Highlights of Unilife ($UNIS) @ Morgan Stanley Healthcare Conference

What I can say generally is that I don't expect Sanofi would be our only customer.

David Lewis is an Executive Director who covers Hospital Supply and Medical Technology companies. He joined Morgan Stanley in 2006. Previously, David was a partner and medical technology analyst at Thomas Weisel Partners and a founding member of its healthcare practice. Prior to joining Thomas Weisel, David worked in the investment banking department at Raymond James Financial. David was named to the Wall Street Journal's annual "Best on The Street" in 2004 for his coverage of medical device companies. David holds a BA in healthcare policy from the University of Pennsylvania.

Below are highlights of the recent Unilife ($UNIS) presentation by CEO Alan Shortall with David Lewis:

Alan Shortall of Unilife: Sanofi approached us back in 2003 and I think the driver, for the people in Sanofi who came to us, was recognizing when the Needlestick Prevention Act came into place in the year 2002 here in the U.S.A. which now mandates the use of safety. Those personnel within Sanofi recognized that safety could be a possible way of differentiating from competitors. Sanofi are estimatedly the largest consumer of prefilled syringes in the world, so they're very committed to prefilled syringes.

So, we were in that development program from 2003-2004, all the way through to where we actually signed two agreements with them, between 2008 and 2009, whereby they committed to provide-they'd pay us $40 million. We've actually now completed that industrialization program and let me point out, a very important point. Sanofi is a very smart company and they agreed to pay us the $40 million on quarterly payments. Those quarterly payments would only be paid upon us hitting agreed milestones from the industrialization program to bring the product in 2008, as being a working prototype, to high-volume production. This is a very complex product because of the interaction between the drug and the materials and ensuring regulatory approval process, as well, at the same time. We hit every milestone; never faltered once and we actually delivered the program nine months ahead of schedule. So when other pharmaceutical companies come to us, they know they can trust that we execute on the program.

In relation to the next step, we've started to provide validated product, as I say, to Sanofi and another global company. The regulatory approval process-and it is only a process; it's not a risk because, remember, those milestones that Sanofi put in place were to ensure that we ended up with a product that was de-risked and met all their requirements. So, in fact, the process though is that the pharmaceutical company starts stability studies and then, after about 12 months of stability to show that the drug is not affected in any way with the materials-and bear in mind, with our Unifill prefilled, its fully USP compliant. We have not introduced any new material that in any way is going to create any risk; there's no risk, it's a process.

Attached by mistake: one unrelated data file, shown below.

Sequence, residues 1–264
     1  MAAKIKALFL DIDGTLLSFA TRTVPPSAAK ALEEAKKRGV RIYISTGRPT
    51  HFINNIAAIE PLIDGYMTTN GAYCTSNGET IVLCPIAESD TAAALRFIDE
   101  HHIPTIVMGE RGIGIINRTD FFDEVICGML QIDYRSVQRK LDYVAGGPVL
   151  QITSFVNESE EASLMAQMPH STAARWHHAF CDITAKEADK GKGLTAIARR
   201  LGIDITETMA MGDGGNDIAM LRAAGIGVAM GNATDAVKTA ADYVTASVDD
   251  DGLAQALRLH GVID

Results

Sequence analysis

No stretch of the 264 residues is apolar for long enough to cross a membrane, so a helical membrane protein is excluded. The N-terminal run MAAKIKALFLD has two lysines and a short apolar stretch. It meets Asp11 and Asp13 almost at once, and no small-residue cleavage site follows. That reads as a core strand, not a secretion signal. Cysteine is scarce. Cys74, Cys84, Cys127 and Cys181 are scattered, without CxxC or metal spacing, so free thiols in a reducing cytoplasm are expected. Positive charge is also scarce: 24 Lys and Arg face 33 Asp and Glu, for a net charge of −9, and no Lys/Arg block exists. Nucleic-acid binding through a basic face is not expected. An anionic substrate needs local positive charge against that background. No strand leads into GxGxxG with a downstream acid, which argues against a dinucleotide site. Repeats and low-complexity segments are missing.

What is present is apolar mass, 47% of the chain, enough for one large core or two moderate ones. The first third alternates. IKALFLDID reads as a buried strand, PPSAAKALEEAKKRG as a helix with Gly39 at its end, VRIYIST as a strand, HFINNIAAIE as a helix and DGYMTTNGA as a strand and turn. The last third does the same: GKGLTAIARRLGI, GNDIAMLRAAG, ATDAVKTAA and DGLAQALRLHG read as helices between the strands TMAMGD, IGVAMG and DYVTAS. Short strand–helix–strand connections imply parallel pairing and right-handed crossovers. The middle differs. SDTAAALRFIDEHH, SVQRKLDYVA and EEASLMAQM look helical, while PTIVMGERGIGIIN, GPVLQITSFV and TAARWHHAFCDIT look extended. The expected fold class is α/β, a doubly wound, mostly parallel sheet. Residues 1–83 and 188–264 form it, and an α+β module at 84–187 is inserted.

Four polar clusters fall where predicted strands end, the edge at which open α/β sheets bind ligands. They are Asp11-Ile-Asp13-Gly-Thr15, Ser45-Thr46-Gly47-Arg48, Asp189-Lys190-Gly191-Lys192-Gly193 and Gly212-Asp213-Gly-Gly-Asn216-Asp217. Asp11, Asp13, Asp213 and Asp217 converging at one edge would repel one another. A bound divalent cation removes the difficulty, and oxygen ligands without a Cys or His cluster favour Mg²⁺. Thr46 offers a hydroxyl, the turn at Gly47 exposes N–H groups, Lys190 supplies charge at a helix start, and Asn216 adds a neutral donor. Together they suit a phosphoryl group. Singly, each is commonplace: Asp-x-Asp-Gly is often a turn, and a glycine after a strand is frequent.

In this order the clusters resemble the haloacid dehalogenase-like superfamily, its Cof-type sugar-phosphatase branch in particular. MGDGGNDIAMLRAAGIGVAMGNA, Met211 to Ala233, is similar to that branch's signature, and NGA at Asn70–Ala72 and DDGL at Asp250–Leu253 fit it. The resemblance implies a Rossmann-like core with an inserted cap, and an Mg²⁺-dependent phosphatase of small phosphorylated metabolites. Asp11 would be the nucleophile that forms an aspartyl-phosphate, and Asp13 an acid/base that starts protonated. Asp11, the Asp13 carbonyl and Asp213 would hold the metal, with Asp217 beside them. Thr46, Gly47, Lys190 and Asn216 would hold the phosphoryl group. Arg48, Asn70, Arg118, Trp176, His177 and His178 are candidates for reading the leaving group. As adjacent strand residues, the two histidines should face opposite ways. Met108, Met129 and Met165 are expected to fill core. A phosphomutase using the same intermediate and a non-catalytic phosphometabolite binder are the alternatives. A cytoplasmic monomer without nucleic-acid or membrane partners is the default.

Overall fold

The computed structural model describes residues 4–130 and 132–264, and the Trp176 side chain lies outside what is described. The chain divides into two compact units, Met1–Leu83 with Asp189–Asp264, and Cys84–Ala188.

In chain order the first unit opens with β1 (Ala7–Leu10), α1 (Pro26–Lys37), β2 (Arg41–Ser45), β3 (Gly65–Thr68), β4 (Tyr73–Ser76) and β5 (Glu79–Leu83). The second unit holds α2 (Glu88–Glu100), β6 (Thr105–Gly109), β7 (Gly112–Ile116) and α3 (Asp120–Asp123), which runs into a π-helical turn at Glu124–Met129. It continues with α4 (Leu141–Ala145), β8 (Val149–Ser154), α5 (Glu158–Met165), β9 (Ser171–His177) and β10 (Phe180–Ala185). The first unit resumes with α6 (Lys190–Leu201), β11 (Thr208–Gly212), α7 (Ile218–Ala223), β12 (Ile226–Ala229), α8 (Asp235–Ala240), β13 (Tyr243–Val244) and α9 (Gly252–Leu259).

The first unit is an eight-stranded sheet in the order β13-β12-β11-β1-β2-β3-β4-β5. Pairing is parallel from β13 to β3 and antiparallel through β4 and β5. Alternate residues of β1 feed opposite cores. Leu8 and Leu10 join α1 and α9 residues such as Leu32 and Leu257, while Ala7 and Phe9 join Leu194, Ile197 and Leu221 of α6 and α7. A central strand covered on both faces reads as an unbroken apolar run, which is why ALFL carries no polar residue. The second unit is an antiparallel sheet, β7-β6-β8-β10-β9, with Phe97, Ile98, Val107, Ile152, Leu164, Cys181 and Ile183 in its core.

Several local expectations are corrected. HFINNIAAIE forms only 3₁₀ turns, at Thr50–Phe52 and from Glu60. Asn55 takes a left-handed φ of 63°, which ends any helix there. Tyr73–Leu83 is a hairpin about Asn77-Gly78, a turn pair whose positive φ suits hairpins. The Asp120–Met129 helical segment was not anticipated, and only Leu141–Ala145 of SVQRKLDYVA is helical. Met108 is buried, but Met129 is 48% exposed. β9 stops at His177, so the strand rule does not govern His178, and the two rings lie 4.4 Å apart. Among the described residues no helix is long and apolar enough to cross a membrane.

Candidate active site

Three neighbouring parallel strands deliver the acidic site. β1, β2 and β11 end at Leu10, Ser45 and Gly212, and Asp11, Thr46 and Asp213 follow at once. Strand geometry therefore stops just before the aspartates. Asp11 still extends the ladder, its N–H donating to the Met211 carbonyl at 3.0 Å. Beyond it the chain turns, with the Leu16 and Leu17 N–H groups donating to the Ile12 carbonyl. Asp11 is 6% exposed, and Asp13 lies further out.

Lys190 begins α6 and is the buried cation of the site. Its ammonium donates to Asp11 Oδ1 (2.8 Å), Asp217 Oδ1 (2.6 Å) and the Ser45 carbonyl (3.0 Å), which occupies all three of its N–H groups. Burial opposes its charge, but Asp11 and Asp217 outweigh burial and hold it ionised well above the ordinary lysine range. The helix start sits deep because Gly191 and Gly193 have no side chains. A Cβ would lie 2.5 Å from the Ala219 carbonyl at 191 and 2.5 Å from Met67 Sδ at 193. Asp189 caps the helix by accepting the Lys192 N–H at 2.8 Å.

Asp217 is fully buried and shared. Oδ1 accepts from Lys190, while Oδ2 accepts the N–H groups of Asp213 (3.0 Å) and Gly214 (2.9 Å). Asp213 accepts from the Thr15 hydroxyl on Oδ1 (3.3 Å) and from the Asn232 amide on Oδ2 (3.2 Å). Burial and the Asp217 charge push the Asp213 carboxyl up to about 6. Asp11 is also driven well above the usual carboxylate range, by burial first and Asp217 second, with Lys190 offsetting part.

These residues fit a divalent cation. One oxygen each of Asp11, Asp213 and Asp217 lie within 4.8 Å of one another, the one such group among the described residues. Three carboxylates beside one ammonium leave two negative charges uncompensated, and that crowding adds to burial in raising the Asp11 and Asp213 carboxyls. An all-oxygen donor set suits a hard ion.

So after 12 months stability, they would then make the application to the FDA for the drug device combination. Again, it's a straightforward process; it's about 18 months. So, we expect our device will go into the market with drugs in it in the first half of 2013. Normal process of the pharmaceutical companies was that they'll start to build inventory about six to nine months in advance of that, so about mid-next year. So in the meantime though, you will see sales for smaller quantities at higher unit pricing, obviously, to other pharmaceutical companies outside of Sanofi for them to start their stability studies. Key thing for us - and it's already started - is to get the clock ticking, moving towards that process.

Here is Unilife's CEO Alan Shortall explaining how the Company has hit all key milestones:


David Lewis of Morgan Stanley: Okay. So when will we expect a true commercial agreement with Sanofi?

Alan Shortall of Unilife: What I can say generally is that I don't expect Sanofi would be our only customer. I think you're going to start to see commercial agreements, long-term supply agreements going in place. Because bear in mind, our product is not a commodity, so once the pharmaceutical companies go to market, it's in their interest to guarantee long-term continuity of supply for us, otherwise it could cause a problem in their supply chain.





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